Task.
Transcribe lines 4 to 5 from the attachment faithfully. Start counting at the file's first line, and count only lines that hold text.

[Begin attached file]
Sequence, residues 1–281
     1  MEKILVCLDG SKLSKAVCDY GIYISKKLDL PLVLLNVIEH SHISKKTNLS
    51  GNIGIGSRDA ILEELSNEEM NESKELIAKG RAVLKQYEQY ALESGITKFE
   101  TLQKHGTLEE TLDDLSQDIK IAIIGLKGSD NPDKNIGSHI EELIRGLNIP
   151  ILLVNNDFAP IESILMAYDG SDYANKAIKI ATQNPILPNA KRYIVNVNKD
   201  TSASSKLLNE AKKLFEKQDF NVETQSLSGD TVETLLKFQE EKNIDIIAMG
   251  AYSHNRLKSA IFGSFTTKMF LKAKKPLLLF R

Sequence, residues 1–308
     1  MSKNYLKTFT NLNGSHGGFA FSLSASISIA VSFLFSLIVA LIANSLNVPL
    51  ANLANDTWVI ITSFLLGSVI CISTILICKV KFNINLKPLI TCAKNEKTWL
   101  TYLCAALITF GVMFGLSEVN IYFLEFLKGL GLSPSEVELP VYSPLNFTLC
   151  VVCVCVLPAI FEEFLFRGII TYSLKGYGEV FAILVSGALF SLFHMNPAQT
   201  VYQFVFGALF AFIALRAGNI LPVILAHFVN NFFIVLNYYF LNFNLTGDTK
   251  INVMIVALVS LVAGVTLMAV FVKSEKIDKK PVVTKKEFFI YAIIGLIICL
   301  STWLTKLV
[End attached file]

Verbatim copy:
   101  TLQKHGTLEE TLDDLSQDIK IAIIGLKGSD NPDKNIGSHI EELIRGLNIP
   151  ILLVNNDFAP IESILMAYDG SDYANKAIKI ATQNPILPNA KRYIVNVNKD